Timing of planting can play an important role in the severity of disease, with cassava planted in March showing a 74% incidence rate of CMV, compared with 4% in August.[11] Seasonal distribution of the virus will vary with the climate. In tropical rain forest type climates, where it is wet and humid most of the year, rapid virus distribution occurred from November to June, and slow progress occurred from July to September.[10] This timing correlated with higher and lower temperatures. In a study of the disease in the Ivory Coast of Africa, maximum rate of disease spread was reached two months after planting.[9] Little to no infection occurs after three months, and variation in spread was due to change in temperature, radiation and population levels of whitefly.

Control strategies[edit]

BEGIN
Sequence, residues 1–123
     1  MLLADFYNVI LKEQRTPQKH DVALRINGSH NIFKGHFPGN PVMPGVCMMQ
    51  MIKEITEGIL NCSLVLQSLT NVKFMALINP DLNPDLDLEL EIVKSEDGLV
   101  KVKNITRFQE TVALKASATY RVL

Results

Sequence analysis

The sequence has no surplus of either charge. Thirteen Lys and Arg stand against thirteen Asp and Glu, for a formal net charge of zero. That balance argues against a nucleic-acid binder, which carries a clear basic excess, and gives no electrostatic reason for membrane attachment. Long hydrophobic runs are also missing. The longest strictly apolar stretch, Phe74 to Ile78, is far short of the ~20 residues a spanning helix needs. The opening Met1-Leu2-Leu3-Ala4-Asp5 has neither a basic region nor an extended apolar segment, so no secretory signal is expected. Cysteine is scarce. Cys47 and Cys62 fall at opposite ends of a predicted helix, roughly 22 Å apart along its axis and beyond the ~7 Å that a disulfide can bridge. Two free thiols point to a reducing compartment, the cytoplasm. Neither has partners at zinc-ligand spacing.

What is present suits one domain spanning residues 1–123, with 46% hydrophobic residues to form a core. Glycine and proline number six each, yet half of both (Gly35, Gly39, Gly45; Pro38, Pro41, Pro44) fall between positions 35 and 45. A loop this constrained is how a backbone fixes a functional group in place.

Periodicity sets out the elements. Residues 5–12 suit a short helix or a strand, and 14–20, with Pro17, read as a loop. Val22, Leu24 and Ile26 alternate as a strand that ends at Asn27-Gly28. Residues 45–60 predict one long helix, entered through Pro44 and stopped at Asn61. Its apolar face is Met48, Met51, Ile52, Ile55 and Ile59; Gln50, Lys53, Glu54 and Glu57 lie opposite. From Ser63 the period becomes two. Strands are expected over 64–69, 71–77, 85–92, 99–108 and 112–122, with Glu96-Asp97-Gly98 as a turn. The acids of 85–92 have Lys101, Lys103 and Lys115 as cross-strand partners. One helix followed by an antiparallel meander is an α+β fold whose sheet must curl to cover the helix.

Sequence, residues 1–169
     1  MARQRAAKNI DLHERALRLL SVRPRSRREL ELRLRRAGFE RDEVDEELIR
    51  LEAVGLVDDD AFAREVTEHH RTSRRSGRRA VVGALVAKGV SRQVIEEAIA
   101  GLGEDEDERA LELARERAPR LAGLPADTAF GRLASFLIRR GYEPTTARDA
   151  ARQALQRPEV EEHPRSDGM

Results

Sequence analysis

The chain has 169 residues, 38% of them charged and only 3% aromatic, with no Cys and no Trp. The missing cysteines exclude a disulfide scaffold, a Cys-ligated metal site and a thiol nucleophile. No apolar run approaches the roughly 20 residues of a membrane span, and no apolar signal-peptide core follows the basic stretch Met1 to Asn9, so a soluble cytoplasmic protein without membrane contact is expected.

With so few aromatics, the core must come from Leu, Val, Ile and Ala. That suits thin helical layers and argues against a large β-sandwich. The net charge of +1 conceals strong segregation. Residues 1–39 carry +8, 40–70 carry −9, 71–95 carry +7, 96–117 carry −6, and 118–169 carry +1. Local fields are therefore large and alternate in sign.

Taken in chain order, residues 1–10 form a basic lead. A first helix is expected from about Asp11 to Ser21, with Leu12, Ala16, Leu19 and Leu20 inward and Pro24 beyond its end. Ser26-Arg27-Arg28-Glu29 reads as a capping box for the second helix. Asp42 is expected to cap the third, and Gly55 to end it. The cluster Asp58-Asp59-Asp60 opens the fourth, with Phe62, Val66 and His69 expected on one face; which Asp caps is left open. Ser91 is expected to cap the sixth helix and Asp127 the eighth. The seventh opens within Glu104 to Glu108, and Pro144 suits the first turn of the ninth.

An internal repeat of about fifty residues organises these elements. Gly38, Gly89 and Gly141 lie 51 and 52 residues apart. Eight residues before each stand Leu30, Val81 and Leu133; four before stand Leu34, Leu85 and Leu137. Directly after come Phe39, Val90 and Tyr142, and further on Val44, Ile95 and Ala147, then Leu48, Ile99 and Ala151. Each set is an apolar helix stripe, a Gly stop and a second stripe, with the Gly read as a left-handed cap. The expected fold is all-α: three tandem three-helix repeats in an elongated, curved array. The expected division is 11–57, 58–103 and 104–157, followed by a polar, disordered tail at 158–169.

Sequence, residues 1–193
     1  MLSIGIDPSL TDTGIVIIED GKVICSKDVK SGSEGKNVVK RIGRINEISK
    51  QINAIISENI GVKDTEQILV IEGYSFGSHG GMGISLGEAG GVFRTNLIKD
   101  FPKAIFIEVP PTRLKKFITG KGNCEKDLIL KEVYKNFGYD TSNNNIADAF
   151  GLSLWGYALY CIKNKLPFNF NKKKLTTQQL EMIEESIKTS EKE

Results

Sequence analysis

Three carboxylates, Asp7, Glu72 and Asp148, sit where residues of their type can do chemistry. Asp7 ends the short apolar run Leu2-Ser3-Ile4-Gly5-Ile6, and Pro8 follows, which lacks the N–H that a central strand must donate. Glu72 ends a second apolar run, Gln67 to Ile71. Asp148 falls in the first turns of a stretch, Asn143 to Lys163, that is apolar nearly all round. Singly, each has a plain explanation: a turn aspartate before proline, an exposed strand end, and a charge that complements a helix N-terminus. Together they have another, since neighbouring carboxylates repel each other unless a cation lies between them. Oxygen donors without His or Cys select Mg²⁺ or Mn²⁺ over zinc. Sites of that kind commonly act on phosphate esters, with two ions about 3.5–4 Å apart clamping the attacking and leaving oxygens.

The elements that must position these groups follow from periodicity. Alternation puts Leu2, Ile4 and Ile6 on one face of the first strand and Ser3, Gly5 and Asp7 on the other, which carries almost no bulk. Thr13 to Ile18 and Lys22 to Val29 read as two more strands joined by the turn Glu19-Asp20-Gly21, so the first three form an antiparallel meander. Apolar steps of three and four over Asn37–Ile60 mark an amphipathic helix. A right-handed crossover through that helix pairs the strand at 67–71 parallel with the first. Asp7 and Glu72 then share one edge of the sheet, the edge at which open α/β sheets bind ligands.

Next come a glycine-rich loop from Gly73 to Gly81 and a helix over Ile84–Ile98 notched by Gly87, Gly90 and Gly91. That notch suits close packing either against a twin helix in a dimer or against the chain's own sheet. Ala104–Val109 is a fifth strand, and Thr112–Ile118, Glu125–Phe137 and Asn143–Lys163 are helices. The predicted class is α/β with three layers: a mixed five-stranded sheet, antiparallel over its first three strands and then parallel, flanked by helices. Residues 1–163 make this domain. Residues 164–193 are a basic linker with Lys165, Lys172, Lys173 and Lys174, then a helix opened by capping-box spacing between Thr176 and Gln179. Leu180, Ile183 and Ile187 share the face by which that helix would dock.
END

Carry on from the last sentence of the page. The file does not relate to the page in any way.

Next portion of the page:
Control strategies for cassava mosaic disease include sanitation and plant resistance. In this case, sanitation means using cuttings from healthy plants to start with a healthy plot and maintaining that healthy plot by identifying unhealthy plants and immediately removing them. This strategy does not protect them from being inoculated by whiteflies, but research shows that the virus is more aggressive in plants infected from contaminated cuttings than by insect vectors. There are also specific varieties that fare better against some viruses than others, so plant resistance is possible.[10] For example, hybrids that are a result of crossing cassava and other species, such as Manihot melanobasis and M. glaziovii, have been shown to have considerable resistance to CMV.[13]